When preparing for hunting season, one topic that usually sparks debate amongst hunting enthusiasts is whether deer move in the wind. Most hunters would probably say deer don’t move on windy days. Strong winds cause trees and foliage to move and make noise, which can easily spook deer and ruin the hunt. However, some hunters have had successful hunts when the weather is windy. So if hunters’ experiences tell different stories, what else can you consider?
Fortunately, studies have been done to determine the effect of wind speed on deer movement. Take for example the results of the 2013 study made by the researchers at the Pennsylvania State University (PSU).
In their study, PSU researchers captured and analyzed whitetail deer movement in October, where winds reached about 12 mph.
So, Do Deer Move in the Wind?
Based on scientific data: YES, deer do move in the wind. In fact, there is an increase in deer movement when winds are stronger. PSU researchers found that deer, especially bucks, move more when wind speeds increase. This observation disproves the result of a survey they conducted before the research, where out of the 1,600 hunters polled, 90% believed deer did not move on windy days.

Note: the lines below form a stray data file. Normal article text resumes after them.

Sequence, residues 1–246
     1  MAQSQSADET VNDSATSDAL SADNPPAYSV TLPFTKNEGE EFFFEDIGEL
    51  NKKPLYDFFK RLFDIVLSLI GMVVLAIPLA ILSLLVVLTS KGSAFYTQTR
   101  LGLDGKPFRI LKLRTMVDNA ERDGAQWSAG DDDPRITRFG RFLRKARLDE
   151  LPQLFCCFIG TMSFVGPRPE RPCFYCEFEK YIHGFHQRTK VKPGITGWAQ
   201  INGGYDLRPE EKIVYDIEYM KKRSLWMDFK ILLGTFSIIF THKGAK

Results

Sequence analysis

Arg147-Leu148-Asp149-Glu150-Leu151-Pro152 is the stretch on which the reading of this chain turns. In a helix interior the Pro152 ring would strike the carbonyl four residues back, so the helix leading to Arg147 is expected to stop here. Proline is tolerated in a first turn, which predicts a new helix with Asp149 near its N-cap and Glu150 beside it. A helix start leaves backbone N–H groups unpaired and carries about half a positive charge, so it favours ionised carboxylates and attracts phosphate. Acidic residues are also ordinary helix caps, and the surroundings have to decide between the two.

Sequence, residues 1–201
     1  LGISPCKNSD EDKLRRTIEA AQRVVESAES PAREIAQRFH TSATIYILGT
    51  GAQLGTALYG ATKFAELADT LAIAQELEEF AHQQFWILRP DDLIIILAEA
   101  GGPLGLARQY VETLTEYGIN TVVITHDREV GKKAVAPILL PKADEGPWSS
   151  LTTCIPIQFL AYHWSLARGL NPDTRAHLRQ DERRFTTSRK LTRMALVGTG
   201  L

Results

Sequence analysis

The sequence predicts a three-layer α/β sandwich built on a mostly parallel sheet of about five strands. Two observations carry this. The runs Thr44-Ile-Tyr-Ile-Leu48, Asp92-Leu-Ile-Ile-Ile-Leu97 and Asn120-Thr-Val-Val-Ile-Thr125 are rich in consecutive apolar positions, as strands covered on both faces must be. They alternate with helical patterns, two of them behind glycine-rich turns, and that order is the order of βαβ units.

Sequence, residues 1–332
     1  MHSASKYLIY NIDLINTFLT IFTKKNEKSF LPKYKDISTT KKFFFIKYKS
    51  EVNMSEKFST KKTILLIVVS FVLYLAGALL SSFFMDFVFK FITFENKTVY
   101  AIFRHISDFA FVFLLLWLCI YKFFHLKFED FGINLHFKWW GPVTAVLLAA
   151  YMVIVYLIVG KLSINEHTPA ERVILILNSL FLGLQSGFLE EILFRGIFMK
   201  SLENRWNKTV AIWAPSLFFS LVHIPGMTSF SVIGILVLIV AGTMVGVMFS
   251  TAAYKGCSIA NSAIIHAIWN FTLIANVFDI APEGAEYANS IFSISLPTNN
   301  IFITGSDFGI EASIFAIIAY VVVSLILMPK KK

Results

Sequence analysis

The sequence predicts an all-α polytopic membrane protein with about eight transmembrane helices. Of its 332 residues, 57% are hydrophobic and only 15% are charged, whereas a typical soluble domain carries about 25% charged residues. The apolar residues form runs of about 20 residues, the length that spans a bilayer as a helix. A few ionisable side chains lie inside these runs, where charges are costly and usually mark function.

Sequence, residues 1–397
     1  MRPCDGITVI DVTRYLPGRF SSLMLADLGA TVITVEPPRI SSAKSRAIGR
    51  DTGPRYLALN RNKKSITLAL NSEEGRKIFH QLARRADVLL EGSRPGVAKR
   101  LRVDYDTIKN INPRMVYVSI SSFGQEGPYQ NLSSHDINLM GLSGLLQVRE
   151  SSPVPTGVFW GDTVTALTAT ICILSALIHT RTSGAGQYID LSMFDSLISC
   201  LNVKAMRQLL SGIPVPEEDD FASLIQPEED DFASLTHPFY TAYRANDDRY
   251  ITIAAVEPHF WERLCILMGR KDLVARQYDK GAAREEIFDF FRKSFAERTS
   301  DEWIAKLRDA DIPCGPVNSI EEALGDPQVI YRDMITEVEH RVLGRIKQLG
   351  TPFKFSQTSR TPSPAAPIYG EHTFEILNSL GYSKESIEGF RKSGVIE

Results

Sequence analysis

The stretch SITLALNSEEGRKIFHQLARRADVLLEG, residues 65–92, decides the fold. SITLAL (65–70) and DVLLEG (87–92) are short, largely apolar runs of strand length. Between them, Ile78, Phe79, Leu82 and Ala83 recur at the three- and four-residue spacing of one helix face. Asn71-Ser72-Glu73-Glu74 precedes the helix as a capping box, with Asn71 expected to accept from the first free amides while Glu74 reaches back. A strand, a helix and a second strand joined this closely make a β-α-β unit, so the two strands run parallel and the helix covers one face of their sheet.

To further support their initial research, PSU conducted two more studies in 2015 and 2016 on the relationship between wind speed and deer movement. Both studies allowed testing deer movement in three categories of wind speed, namely:
- Calm: less than one mph
- Moderate: one to 15 mph
- Strong: 15 to 27 mph
Just like in the 2013 research, the results of the succeeding studies showed deer moved more on windy days. Deer moved only about 30 mph on calm days. On moderately windy days, they moved at about 35 mph.
During the days when wind speeds are strong, movement increased to an average of 65 mph. PSU researchers also observed there is more deer movement on windy days than windy nights.
Another observation researchers shared in their study is that bucks move more than does as winds get stronger.
But why do deer move more during the windy days? To answer this question, we need to learn more about deer lifestyle and the role of wind in its movement and behavior.
How Do Deer Travel?
The home range of deer typically is about 600 to a thousand acres, but deer would confine themselves in just about one third of that area if their surroundings meet their survival needs.
Deer typically travel in herds. Often, herds comprise both bucks and does and are led by a dominant buck. However, in some deer species, does and bucks form separate herds.